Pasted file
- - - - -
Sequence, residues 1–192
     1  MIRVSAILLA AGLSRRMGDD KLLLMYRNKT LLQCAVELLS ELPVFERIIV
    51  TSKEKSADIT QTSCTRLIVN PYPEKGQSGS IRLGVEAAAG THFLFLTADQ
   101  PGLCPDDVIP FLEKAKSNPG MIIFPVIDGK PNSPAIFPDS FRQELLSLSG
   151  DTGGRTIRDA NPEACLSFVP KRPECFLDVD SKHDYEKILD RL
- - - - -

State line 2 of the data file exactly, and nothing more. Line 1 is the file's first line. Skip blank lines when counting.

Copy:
     1  MIRVSAILLA AGLSRRMGDD KLLLMYRNKT LLQCAVELLS ELPVFERIIV